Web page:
How did Output Sports come about?

GD: Good afternoon, Martin, really good to speak with you. We’re going to have a good chat about sports and the technology that goes on behind it. So really looking forward to it. Obviously it’s something that resonates quite strongly with me. There wasn’t an awful lot of technology at the start of professional rugby but it was absolutely smothered in it by the time I was coming out. So really interesting to see how Output Sports are adding to that. So, Martin, it might be a really good place to start at the start and give us a little overview of Output Sports and maybe where the concept came from.

MOR: Absolutely, thanks a million Gordon. It’s really great to get the chance to speak with you today. In terms of where Output came from, we’re from University College Dublin originally and we’re an interdisciplinary team of sports scientists, physios, but then engineers and data scientists as well. Our kind of mission is to scale that top level of sports science and technology that you would have experienced towards your later playing days, to a much wider audience than previously possible. What we’ve developed is a single sensor, it’s about the size of a matchbox and it can test and track many components of fitness and also modulate and measure training as well. So, all of the off-field stuff that you do in the gym like strength and conditioning and physio therapy then as well if you’re unlucky enough to get injured and need to return to play safely and effectively. A few of those things like balance, strength, power, jump height, the way you move when you’re in the gym and so on and that data helps inform coaches how to make the best decisions to improve their athletes’ performance as they prepare to go out and play rugby or any given sport.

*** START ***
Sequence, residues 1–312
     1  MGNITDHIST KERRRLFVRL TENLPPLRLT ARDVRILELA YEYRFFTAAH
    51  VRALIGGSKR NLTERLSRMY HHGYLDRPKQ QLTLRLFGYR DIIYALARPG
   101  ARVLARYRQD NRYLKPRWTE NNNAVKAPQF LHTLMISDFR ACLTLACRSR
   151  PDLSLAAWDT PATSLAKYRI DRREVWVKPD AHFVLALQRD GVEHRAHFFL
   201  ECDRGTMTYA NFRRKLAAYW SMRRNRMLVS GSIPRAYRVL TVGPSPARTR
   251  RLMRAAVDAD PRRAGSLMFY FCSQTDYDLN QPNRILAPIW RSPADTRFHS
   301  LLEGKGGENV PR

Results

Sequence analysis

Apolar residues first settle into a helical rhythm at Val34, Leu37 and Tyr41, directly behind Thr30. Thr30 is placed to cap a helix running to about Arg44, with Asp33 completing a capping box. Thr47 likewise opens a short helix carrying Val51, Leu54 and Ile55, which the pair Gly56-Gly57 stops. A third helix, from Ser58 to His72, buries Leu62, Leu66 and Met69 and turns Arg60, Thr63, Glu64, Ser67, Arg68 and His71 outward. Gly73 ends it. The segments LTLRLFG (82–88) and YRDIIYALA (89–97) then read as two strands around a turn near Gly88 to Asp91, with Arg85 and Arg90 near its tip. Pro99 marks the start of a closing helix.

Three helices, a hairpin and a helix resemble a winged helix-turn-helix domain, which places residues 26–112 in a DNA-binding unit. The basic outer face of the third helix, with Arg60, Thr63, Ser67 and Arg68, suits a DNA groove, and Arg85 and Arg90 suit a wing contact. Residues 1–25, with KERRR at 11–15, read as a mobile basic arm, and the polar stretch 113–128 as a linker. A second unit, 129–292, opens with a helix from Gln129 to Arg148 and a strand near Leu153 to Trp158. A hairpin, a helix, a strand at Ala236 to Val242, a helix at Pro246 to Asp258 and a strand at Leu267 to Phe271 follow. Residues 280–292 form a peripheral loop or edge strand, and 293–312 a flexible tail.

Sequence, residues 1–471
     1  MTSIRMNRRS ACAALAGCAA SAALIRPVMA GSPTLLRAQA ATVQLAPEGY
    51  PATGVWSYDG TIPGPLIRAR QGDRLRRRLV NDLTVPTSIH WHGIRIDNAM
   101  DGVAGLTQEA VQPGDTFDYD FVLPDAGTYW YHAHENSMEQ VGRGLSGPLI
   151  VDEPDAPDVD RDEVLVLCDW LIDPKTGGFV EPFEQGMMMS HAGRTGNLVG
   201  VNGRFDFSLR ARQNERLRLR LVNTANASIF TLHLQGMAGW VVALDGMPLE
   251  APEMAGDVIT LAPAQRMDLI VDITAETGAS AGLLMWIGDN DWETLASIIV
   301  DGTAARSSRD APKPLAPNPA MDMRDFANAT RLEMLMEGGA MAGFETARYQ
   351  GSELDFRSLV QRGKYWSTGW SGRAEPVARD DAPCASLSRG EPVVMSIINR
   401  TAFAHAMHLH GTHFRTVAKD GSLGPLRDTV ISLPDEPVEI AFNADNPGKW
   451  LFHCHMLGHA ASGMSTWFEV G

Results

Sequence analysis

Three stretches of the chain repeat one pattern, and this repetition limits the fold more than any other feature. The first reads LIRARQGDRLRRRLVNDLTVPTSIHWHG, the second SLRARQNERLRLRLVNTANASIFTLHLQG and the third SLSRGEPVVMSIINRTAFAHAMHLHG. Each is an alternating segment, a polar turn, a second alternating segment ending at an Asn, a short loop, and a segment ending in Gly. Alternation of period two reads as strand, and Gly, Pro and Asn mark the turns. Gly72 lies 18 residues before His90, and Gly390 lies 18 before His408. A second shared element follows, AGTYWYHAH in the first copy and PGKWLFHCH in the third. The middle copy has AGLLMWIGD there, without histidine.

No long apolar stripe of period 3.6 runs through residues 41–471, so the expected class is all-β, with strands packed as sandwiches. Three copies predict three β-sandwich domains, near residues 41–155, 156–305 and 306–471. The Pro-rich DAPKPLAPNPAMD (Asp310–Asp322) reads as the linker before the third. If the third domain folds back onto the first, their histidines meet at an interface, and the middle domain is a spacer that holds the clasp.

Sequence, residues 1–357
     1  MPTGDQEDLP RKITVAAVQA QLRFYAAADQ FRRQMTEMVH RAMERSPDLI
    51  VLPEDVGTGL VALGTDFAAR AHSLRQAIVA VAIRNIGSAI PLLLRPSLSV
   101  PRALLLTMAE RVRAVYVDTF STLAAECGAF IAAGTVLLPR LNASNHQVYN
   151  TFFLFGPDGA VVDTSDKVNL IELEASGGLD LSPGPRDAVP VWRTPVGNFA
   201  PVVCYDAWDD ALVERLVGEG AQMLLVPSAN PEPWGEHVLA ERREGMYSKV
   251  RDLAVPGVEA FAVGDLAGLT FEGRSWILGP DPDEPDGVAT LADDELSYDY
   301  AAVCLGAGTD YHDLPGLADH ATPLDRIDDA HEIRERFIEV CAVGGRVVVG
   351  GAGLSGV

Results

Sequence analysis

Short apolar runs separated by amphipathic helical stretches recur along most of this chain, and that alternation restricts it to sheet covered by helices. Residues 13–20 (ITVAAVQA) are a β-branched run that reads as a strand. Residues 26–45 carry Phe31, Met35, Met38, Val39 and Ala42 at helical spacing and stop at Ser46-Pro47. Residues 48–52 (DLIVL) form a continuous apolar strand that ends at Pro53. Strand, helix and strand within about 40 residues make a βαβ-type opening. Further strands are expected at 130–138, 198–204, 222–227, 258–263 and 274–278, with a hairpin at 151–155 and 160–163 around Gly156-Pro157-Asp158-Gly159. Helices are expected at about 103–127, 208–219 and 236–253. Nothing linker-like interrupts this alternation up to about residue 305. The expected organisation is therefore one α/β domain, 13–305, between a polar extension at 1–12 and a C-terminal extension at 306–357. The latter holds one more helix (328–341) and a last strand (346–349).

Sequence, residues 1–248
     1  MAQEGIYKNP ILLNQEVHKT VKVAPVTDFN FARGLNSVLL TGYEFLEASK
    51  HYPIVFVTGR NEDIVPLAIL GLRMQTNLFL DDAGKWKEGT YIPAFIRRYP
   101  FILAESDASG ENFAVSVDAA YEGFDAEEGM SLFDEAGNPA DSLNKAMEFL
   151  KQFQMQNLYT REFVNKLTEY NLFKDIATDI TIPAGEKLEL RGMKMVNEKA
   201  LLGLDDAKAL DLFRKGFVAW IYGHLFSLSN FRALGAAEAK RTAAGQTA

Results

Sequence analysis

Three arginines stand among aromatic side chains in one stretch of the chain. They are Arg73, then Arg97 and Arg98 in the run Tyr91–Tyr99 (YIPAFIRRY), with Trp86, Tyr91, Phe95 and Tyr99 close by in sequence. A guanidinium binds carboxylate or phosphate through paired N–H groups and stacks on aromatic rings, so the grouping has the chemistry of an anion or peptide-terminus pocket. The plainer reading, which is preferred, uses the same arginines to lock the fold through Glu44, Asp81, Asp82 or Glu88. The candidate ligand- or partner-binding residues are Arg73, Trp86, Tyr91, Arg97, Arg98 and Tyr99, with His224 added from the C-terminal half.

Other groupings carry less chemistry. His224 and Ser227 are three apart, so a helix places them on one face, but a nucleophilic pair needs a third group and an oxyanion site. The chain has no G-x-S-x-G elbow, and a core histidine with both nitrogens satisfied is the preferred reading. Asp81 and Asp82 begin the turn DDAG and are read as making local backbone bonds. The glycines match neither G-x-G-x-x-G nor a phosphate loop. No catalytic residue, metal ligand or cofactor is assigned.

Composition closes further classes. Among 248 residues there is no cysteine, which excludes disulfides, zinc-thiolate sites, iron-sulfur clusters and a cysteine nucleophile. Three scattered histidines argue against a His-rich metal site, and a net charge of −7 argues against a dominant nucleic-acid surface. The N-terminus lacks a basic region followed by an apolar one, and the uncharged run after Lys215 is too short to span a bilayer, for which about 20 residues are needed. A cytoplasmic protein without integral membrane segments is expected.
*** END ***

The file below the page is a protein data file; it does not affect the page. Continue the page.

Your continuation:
GD: I assume one of them is the vertical jump. When I started, that was the belt you tied around your waist where you had a cable connected to the floor and you had to jump. You always had lads who were thrusting their hips through to try and get an extra couple of centimetres on the jump. Is that sensor now attached to your foot, your hips? Where would something like that go and what is the biggest score you’ve seen?

MOR: Ah, yes, there’s great progression in technology there. Our sensor is literally just a wireless unit that’s paired up to a mobile app. It goes on your foot and measures your jump height with the same accuracy as those old school devices that would be super accurate but quite cumbersome and messy and obviously one thing as well, they could be easily cheated with certain techniques. Athletes always try and find a way to do that. It’s as simple as putting it on your foot and then, we have Rugby 7 users and sprinters. We’ve had people jump as high as 85 centimetres which is incredible.

GD: Oh, that’s not bad. Ian Madigan was always a man for finding a nuanced way of operating in grey areas. I think I had a PP of 82 or 83 so nice to see. One of the few things I was good at. I might be shorter but I was bouncy.

MOR: That’s class!

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